• 05 Mar 2021 5:27 PM | Jean Murray (Administrator)

    BPW members are featuring in presentations and panels during global CSW NGO Forum.  Check the schedule here.

    BPW Western Australia member Carol Hanlon is hosting a session on Economic Empowerment of Women Entrepreneurs through the Sustainable Development Goals on 16 March 6.30pm-8.30pm WDST. The panel features women entrepreneurs and NGOs from around the world who have applied the SDGs to provide economic opportunities and make a difference in the lives of women and girls. Registration is free, contact Carol for details.

    BPW International President Dr Amany Asfour and Vice President Dr Catherine Bosshart will speak about Economic empowerment through public procurement and financial inclusion on 22 March 8:30pm-10:00pm ACDT.

  • 28 Feb 2021 11:06 AM | Jean Murray (Administrator)

    The face-to-face Congress planned for Florida in 2020 was cancelled due to COVID-19, but BPW International is holding a virtual General Assembly over 8 days between 21 and 30 March that all BPW members can connect with. Take this opportunity to witness the highest level of BPW in action, and to share this experience with your BPW sisters across the globe.

    The General Assembly needs to accommodate timezones around the globe, so sessions will be a limited number of hours.  Times have not yet been announced, but for Australia sessions may be broadcast early in the morning or late into the night. 

    This will be a truncated General Assembly to deal with core BPW International business – the budget, the election and urgent resolutions. BPW Australia, being an Affiliate Federation of BPW International, is entitled to 3 voting delegates and 3 alternate delegates at the General Assembly. 

    Members can register as observers without speaking or voting privileges on the Registration page.  You need to set up a login to access the page, and the cost to register is €20.  Registration is open now and closes on 7 March. You will able to connect to the General Assembly sessions and watch the live broadcast. 

  • 22 Feb 2021 11:32 AM | Jean Murray (Administrator)

    Due to COVID-19 restrictions, the United Nations Commission on the Status of Women will be run virtually this year, which means that all of us can access the NGO Forum that’s held in conjunction with CSW each year.

    The Forum will run from 14 to 26 March 2021, but there are online preparatory workshops and training tutorials – some of these are accessible already.  The CSW platform allows BPW members internationally to register and link up with BPW members around the globe and with women from other NGOs.  You will be able to livestream the CSW sessions and join interactive workshops.  There is a parallel Youth Leaders platform that I encourage our Young BPWs to engage with.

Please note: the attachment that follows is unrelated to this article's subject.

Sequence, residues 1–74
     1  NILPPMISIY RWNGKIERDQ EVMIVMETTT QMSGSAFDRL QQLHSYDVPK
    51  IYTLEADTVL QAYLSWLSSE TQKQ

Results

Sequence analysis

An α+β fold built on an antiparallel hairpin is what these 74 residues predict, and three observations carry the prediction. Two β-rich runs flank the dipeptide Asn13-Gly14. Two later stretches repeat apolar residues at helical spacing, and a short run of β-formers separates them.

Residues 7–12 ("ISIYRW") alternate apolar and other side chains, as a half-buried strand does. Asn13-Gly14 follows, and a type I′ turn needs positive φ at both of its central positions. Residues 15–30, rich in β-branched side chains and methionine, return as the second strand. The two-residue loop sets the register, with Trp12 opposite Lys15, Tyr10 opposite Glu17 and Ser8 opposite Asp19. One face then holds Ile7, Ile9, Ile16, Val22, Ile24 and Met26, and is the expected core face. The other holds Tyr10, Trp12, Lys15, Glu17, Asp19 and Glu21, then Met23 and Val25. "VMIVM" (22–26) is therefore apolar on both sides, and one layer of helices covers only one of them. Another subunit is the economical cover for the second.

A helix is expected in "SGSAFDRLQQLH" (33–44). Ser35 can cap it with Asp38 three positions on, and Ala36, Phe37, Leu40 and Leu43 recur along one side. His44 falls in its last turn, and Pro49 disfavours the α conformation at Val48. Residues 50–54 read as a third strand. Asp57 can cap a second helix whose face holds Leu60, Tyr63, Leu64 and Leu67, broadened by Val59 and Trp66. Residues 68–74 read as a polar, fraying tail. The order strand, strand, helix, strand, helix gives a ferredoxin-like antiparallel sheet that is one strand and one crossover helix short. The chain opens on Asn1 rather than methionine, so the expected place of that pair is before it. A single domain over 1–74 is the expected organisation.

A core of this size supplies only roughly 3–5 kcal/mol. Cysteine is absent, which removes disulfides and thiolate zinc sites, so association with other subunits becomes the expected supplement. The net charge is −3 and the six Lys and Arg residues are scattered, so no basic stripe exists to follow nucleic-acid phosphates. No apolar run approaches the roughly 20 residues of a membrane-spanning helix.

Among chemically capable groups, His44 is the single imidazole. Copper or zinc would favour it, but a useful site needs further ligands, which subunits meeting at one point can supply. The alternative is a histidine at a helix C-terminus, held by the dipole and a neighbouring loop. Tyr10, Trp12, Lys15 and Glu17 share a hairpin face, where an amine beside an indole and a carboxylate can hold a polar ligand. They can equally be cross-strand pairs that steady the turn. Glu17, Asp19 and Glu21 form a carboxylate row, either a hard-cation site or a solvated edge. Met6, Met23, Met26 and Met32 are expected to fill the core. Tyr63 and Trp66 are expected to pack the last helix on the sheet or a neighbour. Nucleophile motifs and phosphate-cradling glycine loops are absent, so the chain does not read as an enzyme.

First you need to register as an advocate which is quite easy.  There is a useful 5 minute tutorial for advocates video that shows how and what to access: https://ngocsw65forum.us2.pathable.com/

  • 14 Feb 2021 9:33 AM | Jean Murray (Administrator)

    The Hon Dr Susan Ryan AO was the first Minister for Women in Australia, and possibly worldwide, and gave us the Sex Discrimination Act in 1984.  Before she died last year, Susan wrote a legacy paper documenting the rise of feminism in Australia and the social and economic revolution for women in the 1970s, building on a 2019 seminar

    Susan was a Minister in a Labor government, and her focus is naturally on the Labor years of 1972-1975. However, she tells a compelling story that was lived for real by many of our longterm BPW members who will find this a stirring read full of the names of women we knew and policy platforms BPW still advocates for.

    For those who weren’t there, this informative report provides means to develop an understanding of the heady days when women's voices were first heard and great strides were made for women's equality.  Although since then we’ve been battling to hold onto those gains and move forward, Susan’s story is positive and uplifting and I commend it to you all. 

BPW Australia Newsletter Archive

Past editions of BPW Australia's electronic newsletters can be viewed as a PDF - see below.

Current editions of the quarterly e-magazine Madesin can be accessed here.


2015 March
2015 February
2015 January


2014 December
2014 November
2014 October
2014 September
2014 August
2014 July
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2014 May
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2014 March
2014 February
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2013 December